Standard Bank, parent company of Stanbic Bank Ghana is forecasting a growth rate of 3.5 per cent for Ghana this year.
This is a little below that of the International Monetary Fund, Moody’s and Fitch Solutions, which have all projected more than 4.0 per cent Gross Domestic Product in 2021.
The report also said the size of the Ghanaian economy would remain unchanged at $63 billion, approximately GH¢421 billion.
According to Standard Bank, COVID-19 pandemic would undoubtedly affect economic growth meaningfully.
“Whereas growth of six per cent to eight per cent year-on-year in the next two to three years seemed reasonable before, 1.0 per cent year-on-year growth now seems likely in 2020, with a recovery from this year onwards,”it emphasised.
Additionally, it said “Ghana’s oil production will be restrained due to the oil price decline and a depressed demand outlook with the uncertain time frame a further risk.”
The report according to myjoyonline.com also said consumer spending is now expected to grow at 2.5 per cent year-on-year as against the previously expected 4.9 per cent.
It pointed out that over the medium term, improving economic and political conditions would bode well for Ghanaian consumers, although disposable income remains low, with spending concentrated on essential items.
However, enhancing access to loans should assist consumers, while inflation is expected to be well managed.
Despite Ghana being classified as one of the fastest growing economies, Standard Bank said this has yet to translate into improved living standards for many Ghanaians.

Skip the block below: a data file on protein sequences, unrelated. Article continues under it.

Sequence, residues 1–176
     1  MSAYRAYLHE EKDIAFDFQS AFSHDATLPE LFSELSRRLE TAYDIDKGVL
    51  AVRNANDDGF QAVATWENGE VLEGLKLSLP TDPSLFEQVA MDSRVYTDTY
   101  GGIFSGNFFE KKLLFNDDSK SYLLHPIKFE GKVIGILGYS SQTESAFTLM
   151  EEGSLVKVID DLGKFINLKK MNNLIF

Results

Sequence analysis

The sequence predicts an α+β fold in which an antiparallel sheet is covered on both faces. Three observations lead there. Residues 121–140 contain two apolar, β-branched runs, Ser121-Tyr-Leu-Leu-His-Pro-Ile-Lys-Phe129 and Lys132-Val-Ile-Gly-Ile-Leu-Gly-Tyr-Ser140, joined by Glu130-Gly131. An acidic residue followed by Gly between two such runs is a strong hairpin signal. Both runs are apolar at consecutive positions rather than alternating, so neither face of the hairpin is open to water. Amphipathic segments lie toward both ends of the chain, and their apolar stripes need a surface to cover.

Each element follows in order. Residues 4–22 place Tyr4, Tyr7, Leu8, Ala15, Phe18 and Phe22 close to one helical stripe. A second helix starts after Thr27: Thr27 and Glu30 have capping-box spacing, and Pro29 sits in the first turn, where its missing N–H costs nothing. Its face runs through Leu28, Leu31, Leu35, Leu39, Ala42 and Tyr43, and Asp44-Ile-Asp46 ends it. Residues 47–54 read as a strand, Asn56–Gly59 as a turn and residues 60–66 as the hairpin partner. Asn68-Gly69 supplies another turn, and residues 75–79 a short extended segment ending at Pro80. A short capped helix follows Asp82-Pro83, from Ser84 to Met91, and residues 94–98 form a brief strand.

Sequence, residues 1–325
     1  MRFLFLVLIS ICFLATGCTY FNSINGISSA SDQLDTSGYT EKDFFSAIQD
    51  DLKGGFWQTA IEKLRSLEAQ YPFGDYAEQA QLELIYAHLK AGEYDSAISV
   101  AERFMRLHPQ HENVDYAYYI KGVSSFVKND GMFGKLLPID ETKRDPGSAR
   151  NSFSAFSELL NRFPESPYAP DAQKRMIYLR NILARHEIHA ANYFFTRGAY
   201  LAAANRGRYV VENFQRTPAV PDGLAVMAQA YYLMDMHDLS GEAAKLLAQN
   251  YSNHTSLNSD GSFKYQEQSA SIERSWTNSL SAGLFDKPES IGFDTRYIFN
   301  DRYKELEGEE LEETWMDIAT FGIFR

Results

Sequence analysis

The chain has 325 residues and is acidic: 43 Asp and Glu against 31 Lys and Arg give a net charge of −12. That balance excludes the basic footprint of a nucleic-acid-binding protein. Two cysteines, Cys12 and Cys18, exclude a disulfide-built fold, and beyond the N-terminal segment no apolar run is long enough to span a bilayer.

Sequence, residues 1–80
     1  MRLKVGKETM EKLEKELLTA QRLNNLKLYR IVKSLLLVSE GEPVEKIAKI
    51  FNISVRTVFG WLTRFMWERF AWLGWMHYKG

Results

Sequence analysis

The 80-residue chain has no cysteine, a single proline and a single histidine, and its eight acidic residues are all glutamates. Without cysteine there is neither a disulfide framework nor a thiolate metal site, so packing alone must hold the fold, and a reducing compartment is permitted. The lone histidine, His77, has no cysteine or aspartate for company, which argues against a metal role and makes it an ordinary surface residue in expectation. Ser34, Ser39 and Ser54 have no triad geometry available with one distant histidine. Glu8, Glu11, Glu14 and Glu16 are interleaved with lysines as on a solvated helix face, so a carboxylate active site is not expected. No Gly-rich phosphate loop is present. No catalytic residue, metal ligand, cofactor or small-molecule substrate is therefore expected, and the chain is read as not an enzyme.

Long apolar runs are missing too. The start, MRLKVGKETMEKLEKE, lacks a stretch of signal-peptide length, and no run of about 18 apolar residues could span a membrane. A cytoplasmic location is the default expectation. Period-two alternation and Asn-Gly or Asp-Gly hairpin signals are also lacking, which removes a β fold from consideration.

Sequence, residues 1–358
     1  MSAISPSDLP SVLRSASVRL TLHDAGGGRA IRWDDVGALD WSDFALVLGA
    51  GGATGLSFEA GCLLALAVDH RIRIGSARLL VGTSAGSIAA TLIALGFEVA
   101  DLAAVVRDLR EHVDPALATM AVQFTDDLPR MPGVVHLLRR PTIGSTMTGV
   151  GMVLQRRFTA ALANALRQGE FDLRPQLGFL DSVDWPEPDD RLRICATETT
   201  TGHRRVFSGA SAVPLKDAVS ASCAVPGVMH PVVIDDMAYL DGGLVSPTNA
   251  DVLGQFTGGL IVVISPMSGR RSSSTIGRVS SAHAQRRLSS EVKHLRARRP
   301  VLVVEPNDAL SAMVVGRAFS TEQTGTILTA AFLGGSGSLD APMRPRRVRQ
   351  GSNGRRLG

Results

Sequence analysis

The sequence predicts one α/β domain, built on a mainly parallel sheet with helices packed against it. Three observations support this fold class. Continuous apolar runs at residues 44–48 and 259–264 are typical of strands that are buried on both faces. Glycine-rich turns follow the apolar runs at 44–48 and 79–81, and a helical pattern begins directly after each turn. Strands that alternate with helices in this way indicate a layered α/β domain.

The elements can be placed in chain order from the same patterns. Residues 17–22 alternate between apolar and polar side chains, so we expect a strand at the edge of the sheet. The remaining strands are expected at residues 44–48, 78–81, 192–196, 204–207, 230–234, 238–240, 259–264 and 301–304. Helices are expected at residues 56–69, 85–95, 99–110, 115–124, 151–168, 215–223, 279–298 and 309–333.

A large share of consumer goods are imported from South Africa, China, Europe and the Middle East. Yet, due to the relatively small size of the modern retailers, the country remains dependent on small- to medium-sized multi-brand importers that often rely on shipments from third party countries, which increases unit prices.
“It is common for the younger generation to consume packaged food such as confectionery and savory snacks. However, majority of the population still stick to Ghana’s indigenous cuisine and the ingredients used to prepare it ranges from rice, yam, plantain and maize. Packaged instant maize and other instant starches that only need water to be added are gaining popularity as they reduce cooking time,” the report said.
Ghana’s economy entered into recession in the third (-1.1 per cent) of last year.
The Agriculture sector however recorded the highest growth of 8.3 per cent, whilst Industry and Services sectors contracted by 5.1 per cent and 1.1 per cent respectively.
Based on expectations, it is expected to rebound in the final quarter which the figures are yet to be released by the Ghana Statistical Service.